I used to think poverty/global health was the most important cause, because it focused on the worst off people. Being around effective altruism exposed me to the argument that existential risk- things that might wipe out the entire planet- and catastrophic risk- things that leave life but destroy civilization- are more important. I never had a good argument against them, but it was basically impossible to have a good argument against them, and I’m weirdly easy to talk into things. Late in my tenure at my last (poverty-focused) job, I was no longer certain that poverty was most important, but I was sure that I was in a uniquely good position to work on it, and that finishing the third best thing was better than half finishing the first best.
When I lost my job, I lost that excuse. I had to decide what was actually most important (modulo what was tractable to me personally). I was hoping the recent Effective Altruism Global conference would provide clarity on this, but mostly it did not. I’ve been exposed to the EA arguments a lot; paying more attention and hearing slightly better versions was not going to change anything. What I need to do is find other sources of information and investigate what they think is most important, so I’m looking at genuinely new information. I don’t think I can be confident in my decision without that.
I’m currently in the market for cause areas to investigate, but more importantly potential sources of new cause areas. What are the equivalents of EAG that would expose me to dramatically different ideas about what is most important?
Potential cause areas, gathered from who knows:
- Racism in America
- Make people socially smarter
- Gifted education
- Low-achiever education
- Mental/emotional health
- Stupid government regulations
- Regulatory capture
- Criminal justice reform
- Artificial intelligence
- Nuclear war
- Getting us off the planet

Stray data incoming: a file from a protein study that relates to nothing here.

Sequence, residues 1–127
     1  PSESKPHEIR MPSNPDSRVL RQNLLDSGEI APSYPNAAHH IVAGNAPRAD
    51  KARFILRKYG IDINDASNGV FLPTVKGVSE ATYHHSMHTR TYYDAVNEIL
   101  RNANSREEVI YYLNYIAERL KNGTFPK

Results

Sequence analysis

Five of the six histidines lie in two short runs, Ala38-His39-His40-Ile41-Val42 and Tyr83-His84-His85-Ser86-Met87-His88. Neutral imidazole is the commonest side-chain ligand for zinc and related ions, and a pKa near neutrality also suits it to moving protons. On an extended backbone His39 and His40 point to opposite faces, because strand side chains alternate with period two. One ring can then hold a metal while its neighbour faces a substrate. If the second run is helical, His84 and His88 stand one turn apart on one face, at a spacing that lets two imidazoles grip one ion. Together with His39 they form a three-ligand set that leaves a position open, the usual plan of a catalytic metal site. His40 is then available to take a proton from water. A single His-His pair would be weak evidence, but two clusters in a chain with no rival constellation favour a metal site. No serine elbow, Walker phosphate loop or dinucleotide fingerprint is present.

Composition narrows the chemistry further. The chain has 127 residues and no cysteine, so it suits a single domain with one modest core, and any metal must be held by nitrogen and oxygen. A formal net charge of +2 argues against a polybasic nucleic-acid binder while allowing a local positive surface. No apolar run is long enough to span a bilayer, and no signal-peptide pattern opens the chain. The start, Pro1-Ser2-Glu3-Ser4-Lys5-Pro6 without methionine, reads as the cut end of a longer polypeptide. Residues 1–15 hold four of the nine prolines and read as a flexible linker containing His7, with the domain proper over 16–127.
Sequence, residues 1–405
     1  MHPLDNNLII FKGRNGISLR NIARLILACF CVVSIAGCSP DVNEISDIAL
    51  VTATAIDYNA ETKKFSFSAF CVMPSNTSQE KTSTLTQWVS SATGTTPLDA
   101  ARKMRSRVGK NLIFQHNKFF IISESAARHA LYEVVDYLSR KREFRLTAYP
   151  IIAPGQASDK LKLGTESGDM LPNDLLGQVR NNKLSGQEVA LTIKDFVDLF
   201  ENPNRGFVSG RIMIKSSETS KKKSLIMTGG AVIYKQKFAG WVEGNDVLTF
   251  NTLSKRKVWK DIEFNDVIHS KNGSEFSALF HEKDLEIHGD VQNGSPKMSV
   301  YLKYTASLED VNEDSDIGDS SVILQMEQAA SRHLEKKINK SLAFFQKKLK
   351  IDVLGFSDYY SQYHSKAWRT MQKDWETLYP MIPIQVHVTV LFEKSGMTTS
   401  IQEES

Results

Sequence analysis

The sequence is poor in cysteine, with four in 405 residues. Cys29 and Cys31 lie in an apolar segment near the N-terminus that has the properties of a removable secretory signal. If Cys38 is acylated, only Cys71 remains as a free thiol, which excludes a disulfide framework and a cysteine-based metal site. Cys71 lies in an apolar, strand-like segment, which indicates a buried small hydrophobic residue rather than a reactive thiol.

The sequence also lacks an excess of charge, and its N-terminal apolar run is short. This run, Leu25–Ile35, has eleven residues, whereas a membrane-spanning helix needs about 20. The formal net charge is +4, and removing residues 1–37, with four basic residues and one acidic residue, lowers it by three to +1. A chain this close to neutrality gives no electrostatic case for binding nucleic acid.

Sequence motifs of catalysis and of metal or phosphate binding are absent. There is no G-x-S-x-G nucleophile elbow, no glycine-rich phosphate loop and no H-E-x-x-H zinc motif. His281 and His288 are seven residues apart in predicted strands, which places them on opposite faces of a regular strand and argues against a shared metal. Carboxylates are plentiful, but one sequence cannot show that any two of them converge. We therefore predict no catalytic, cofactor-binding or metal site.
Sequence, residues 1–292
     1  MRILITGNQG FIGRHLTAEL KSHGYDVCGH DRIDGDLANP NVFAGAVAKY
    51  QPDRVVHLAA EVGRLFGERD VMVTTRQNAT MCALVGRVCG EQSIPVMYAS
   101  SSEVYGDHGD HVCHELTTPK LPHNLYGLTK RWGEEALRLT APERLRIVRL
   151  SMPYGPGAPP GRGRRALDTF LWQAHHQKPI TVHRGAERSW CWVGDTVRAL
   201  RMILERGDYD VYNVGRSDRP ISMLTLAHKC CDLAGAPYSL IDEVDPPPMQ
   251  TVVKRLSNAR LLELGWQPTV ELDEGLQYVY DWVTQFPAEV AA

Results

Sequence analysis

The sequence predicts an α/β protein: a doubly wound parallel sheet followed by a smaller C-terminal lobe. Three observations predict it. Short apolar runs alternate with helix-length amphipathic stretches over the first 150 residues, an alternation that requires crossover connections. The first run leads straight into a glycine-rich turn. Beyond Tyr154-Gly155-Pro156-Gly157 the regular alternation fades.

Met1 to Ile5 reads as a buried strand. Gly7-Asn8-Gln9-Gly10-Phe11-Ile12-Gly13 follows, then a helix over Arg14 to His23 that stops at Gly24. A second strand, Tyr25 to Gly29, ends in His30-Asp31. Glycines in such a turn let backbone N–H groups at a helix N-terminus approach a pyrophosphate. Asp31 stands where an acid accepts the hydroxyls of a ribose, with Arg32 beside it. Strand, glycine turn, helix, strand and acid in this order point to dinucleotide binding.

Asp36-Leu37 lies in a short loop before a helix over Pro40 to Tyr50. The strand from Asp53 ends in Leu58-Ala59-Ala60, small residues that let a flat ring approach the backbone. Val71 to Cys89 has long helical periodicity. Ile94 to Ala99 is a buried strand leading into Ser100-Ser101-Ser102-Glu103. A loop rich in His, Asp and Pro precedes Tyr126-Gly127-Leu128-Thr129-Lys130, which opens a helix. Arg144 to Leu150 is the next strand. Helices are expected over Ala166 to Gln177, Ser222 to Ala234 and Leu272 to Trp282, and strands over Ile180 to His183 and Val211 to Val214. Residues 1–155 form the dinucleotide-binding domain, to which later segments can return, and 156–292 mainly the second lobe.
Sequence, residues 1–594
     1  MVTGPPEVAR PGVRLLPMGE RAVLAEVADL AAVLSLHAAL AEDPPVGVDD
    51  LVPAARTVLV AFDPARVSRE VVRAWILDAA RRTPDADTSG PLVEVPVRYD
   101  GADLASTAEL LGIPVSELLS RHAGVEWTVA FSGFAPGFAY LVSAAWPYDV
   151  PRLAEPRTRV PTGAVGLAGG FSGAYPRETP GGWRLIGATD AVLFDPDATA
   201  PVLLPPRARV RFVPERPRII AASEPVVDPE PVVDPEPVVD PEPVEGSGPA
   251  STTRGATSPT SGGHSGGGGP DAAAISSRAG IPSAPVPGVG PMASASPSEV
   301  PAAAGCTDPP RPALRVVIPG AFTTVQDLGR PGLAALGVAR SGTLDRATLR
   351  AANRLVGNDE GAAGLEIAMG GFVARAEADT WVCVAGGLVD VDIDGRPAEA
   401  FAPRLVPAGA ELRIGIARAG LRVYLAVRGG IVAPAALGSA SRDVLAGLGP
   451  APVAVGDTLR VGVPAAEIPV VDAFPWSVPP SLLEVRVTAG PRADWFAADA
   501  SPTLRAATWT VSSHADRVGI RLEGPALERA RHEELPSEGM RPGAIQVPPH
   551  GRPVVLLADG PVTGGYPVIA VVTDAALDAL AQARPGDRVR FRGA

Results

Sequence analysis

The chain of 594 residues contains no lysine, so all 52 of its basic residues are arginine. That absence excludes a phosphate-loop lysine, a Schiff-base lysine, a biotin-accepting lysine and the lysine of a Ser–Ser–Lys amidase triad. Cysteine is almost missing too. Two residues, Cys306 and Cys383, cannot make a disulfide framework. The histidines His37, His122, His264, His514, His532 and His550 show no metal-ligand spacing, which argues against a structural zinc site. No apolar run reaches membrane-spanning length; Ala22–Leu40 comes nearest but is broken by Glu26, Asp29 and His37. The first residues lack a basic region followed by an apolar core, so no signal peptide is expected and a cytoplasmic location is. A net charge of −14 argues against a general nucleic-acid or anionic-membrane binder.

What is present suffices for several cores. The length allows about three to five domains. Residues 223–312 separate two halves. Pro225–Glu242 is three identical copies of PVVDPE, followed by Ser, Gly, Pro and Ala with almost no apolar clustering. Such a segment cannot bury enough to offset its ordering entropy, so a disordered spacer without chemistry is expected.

- Universal Basic Income
- ADDED LATER
- Baumol’s cost disease
- Conventional warfare
- FDA’s cranial-rectal insertion
- Sleep deprivation
Potential EA-equivalents, gathered from a week of paying attention and looking for such things:
- Startup Societies Foundation
- Long Now Foundation
- Foresight Institute
What I am looking for now:
- Suggestions on other cause areas, especially if they come with lots of information on said cause area.
- Suggestions of other groups to investigate.
- People to listen and help me work out my thoughts on particular cause areas.
- Tools that will help me think about this more clearly.
Daniel asks: “It might be useful to turn the question around. Assume your fellow EAs are doing their calculations well, and ask what your comparative advantages are, then look for high-impact ways to apply those.
It’s the same search problem, just starting from the opposite end, where the branching factor is lower.”
6 thoughts on “What do I do now?”
It might be useful to turn the question around. Assume your fellow EAs are doing their calculations well, and ask what your comparative advantages are, then look for high-impact ways to apply those.
It’s the same search problem, just starting from the opposite end, where the branching factor is lower.
Topher Hallquist offered a good counterpoint to the argument that EA’s historical selection of cause areas is likely arbitrary/wrong. Obviously we still want to take good opportunities if they’re outside of those areas (and OpenPhil funds such opportunities, most notably in U.S. criminal justice reform), but I think there are decent reasons to suspect that most of the big wins will be in those areas.
I don’t like the current use of the term “cause” in EA, and I don’t like the way the landscape is divided into “3 + meta” causes. I’m pretty convinced that most of the accessible value is in the long-term future, and I think one of the biggest levers on the long-term future (taking into account the fact that it’s relatively neglected) will be artificial intelligence. So my advice would be to apply an AI lens to everything. Want to promote democracy? Think about how AI can improve democracy. Want to help animals? Think about how AI can help animals? Want to focus on aging or nutrition? Think about what AI can do for them. I actually think there’s quite a lot of low-hanging fruit for the imaginative.
Research into what’s really up with http://slatestarcodex.com/2017/02/09/considerations-on-cost-disease/ would be pretty interesting. Not sure if that’s what you meant by Baumol, but its what I thought of.
One and the same. The fact that I’m the one that suggested it to Scott suggests I have some comparative advantage here.
If you are interested in newsworthy efforts around to tackling the multifaceted harms of age related damage/dysfunction then fightaging.org is worth sticking in your reading feed. It’s how I personally found out that there are yearly charitable donation-matching drives for underfunded organisations like SENS.
Here’s a post with the footnotes of 2016 as a starting point: https://www.fightaging.org/archives/2016/12/a-look-back-at-2016-in-longevity-science/
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